Why do businesses of all sizes and in all kinds of industries consider leasing assets a lucrative opportunity in the first place?
The reason is simple - leasing offers several benefits to businesses, including boosting their purchasing power, lowering their maintenance expenses (if the lessee is not liable for upkeep), and assisting with improved cash flow management.
However, due to the severe compliance requirements of the accounting regulations, right-of-use and lease management for assets can become a challenge for various businesses.
So, here is a holistic guide that covers every facet of right-of-use assets to assist companies (both lessee and lessor sides) in comprehending the concept better. Let's get started.
The term "right of use" (ROU) is considered a critically significant component of lease management within the framework of lease accounting standards and regulations.
This asset now captures specifics of how a lessee gets the authorization to utilize an asset if it's mentioned in a lease during a contract's duration. It does so in a way that makes it easy to understand.
A lessee will first evaluate an asset representing a right of use based on its cost, which includes the following components:
An ROU is accounted similarly to an acquired asset following its initial recognition. On the other hand, the asset gets reevaluated every time there is a remeasurement of lease liabilities owing to a variation in lease payments. It occurs quite frequently.
To determine the value of the asset:
The ROU calculation formula looks like this:
The initial lease liability amount + Lease payments to the lessor prior to the lease commencement date + Initial direct costs incurred - Lease incentives received = ROU asset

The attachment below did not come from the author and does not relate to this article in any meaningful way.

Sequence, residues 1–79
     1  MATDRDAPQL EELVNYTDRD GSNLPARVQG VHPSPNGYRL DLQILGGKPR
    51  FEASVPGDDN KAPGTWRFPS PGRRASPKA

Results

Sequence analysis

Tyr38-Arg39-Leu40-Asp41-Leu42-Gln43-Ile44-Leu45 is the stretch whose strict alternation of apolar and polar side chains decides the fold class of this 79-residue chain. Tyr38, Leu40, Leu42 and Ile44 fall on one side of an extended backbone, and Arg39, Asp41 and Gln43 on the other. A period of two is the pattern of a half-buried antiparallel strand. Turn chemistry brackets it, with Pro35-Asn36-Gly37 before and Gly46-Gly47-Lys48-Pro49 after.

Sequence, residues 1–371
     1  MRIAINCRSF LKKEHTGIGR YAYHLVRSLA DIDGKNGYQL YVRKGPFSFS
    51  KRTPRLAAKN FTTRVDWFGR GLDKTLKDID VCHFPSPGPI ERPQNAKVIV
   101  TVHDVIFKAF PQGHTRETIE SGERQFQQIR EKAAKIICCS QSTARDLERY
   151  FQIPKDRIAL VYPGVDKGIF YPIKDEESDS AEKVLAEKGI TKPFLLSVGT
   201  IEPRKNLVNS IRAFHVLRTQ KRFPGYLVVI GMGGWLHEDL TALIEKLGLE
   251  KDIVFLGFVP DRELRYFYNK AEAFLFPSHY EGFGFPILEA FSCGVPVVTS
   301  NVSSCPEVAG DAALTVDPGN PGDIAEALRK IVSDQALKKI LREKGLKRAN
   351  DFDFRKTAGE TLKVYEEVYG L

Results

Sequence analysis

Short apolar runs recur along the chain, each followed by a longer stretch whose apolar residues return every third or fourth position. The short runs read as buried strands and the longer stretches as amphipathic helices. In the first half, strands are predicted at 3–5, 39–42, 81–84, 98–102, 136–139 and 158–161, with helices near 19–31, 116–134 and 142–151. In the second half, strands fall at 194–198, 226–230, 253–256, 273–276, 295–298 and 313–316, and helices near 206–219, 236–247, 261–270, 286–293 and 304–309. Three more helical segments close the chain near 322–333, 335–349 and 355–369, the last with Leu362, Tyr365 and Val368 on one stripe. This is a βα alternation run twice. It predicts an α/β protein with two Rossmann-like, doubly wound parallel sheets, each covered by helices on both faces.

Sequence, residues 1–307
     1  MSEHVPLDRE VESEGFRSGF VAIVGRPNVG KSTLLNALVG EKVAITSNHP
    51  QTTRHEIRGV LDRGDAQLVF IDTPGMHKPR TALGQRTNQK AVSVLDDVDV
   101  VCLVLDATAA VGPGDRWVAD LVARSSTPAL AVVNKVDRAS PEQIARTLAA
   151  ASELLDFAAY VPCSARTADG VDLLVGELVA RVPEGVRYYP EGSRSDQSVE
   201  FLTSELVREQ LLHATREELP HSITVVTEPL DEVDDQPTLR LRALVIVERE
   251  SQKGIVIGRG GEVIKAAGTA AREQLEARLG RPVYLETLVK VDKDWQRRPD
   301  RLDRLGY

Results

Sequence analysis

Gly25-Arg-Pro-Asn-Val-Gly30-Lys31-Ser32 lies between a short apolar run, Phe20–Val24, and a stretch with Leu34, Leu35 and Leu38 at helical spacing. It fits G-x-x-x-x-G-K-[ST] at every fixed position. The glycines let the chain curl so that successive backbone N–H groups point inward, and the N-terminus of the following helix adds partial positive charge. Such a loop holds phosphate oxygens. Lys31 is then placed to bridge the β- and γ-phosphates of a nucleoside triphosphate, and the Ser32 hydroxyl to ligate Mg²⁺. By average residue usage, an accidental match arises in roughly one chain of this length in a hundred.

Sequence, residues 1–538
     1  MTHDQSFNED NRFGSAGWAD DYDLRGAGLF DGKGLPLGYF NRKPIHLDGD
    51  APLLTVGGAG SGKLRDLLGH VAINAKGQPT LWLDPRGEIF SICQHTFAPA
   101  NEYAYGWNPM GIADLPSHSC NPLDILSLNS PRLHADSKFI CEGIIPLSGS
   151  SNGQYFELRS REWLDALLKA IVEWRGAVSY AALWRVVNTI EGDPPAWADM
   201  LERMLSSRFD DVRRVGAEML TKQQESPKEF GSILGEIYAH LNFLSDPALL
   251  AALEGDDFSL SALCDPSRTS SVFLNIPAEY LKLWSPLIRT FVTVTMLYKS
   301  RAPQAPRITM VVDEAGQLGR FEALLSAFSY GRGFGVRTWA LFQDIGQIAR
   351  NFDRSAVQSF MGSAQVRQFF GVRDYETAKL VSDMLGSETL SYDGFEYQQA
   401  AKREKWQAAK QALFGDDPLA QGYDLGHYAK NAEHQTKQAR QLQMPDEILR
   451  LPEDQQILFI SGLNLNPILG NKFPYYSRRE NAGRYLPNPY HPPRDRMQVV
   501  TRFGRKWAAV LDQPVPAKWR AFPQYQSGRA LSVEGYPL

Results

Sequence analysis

And that's how you get the correct value of the ROU asset. The ROU asset cannot be realized accurately without fully appreciating the significance of each factor in this equation.
Since it pertains to the lessee's obligation to complete lease payments based on the current value of the prospective lease payments, the lease liability is a crucial factor to consider when calculating the ROU asset.
Initial direct costs are also very significant for the valuation of the ROU asset. Initial direct costs are expenses directly connected to the asset in the lease that the lessee has the entitlement to utilize during the lease.
Most elements included in the ROU asset valuation are the same for operating or finance leases. An ROU asset needs to meet the following requirements for both types of leases:
For ROU assets subject to a finance lease:
ROU assets under an operating lease are required to:
Here is an example of calculating a right-of-use asset, implementing the calculation mentioned previously. The following are some of the assumptions:
Firstly, the lease liability has to be calculated. The lease liability is equivalent to the current value of the six subsequent payments, which are discounted at a rate of 9%. The total that is arrived at will be ₹179,437.
Now, moving on with the ROU calculation:
So the final reported values stand at:
Ultimately, the calculations applied in evaluating the right-of-use asset aren't all that complicated; nonetheless, one must deal with the challenging issue of acquiring data for efficient lease management and accounting operations.
As a result, companies have the responsibility to make certain they collect data that can be relied upon in order to verify that the lease payments, lease duration, and discount rates they compute are accurate.
It is also highly recommended to get access to robust, credible software solutions designed specifically for lease accounting in order to ensure accurate accounting and record entry of right-of-use assets.